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Actor Michael Greyeyes is seen in a Jan. 10, 2019, file photo.

Chris Pizzello/The Associated Press

Canadian actor Michael Greyeyes says he’s been waiting decades for a project like Rutherford Falls.

The Peacock streaming service announced this week that Greyeyes is among the cast members in the upcoming series, which touts the largest Indigenous writing staff for an American TV show.

Ed Helms, Sierra Teller Ornelas and Mike Schur created the comedy, about a small town in upstate New York that borders a reserve.

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Helms plays the town namesake, Nathan Rutherford, who fights the moving of a historical statue.

The Toronto-based Greyeyes plays the chief executive of his tribe’s mid-level casino.

The Plains Cree performer says he booked the project in early March, but the pandemic put a halt on things until recently.

“I read the scripts and I was just really blown away, gobsmacked at how smart they were,” Greyeyes said this week in a phone interview.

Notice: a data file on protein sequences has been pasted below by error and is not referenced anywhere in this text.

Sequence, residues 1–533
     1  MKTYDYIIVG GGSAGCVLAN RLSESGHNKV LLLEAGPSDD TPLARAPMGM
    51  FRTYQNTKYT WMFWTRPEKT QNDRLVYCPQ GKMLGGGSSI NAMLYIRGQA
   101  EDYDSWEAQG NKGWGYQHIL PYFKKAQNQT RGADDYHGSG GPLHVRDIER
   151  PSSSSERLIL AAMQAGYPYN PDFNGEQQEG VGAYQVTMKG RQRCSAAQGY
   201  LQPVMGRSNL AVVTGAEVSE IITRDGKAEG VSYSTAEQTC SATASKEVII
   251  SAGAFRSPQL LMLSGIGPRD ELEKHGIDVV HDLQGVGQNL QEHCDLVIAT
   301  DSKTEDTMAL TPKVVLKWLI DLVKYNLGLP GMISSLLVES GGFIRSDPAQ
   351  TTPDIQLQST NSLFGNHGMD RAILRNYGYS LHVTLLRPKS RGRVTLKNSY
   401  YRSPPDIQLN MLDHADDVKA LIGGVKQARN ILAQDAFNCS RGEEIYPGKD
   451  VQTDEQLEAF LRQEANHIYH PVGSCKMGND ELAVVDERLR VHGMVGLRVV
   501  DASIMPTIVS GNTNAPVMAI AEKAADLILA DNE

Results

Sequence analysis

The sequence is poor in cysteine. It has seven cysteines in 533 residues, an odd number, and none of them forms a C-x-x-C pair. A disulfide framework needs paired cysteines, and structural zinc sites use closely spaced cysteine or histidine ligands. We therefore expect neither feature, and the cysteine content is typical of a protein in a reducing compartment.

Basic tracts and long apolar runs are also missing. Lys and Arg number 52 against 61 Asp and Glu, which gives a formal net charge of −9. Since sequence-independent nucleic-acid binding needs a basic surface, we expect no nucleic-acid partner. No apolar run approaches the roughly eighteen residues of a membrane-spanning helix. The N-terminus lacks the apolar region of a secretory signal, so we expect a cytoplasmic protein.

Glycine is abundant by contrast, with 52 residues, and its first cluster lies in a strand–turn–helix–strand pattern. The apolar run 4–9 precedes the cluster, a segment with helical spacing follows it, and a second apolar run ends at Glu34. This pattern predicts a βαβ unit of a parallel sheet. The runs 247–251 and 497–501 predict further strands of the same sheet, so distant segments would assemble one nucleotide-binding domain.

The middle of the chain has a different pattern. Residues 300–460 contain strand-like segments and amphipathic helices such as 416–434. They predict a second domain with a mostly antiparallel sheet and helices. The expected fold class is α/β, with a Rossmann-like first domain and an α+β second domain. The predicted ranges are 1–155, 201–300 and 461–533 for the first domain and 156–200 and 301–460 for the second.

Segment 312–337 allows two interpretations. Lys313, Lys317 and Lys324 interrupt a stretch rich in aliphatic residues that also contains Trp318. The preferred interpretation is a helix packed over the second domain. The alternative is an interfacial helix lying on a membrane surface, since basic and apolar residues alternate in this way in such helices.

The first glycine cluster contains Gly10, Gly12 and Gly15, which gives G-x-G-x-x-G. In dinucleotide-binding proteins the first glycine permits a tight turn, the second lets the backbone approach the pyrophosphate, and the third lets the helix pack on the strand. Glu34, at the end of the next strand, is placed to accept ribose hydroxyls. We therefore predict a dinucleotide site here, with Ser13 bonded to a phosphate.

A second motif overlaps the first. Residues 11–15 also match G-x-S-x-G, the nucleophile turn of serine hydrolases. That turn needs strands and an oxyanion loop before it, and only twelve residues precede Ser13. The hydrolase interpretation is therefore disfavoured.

“It took me a while to get through every script because I just kept laughing. As I said to Sierra, sometimes I was crying for joy, because it’s a kind of representation that I’ve been waiting 30 years to come out of Hollywood.”

Peacock hasn’t announced a premiere date for Rutherford Falls yet, but Greyeyes said he plans to do a table read in Toronto via video conference soon and then fly to Los Angeles to shoot.

Other cast members include Jana Schmieding as Nathan’s long-time friend, and Canadian actor Dustin Milligan of Schitt’s Creek fame as a reporter/podcaster in the town.

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Greyeyes said the series felt “groundbreaking,” partly because it deals with Indigenous identities outside of the trauma that’s a part of their history.

“This is really new territory,” Greyeyes said from Halifax, where he’s set to shoot the film Wildhood by writer-director Bretten Hannam.

“We haven’t seen families portrayed in this way.”

Greyeyes said he was thrilled when Teller Ornelas, who is Navajo and Mexican-American, said the writers’ room would be half Indigenous.

“When diversity enters into a writers’ room, the door is literally pried open and there’s easier access,” said Greyeyes, who is also a choreographer, director, educator and founder of the non-profit Signal Theatre in Toronto.

“This is what I think is at the crux of these sort of social movements, is access. It’s not that we’ve been unable or incapable of making shows like this. It was a question of opportunity.

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“And with Rutherford Falls, the paradigm is shifting to not simply an inclusive workspace but a workspace that is redefined.”

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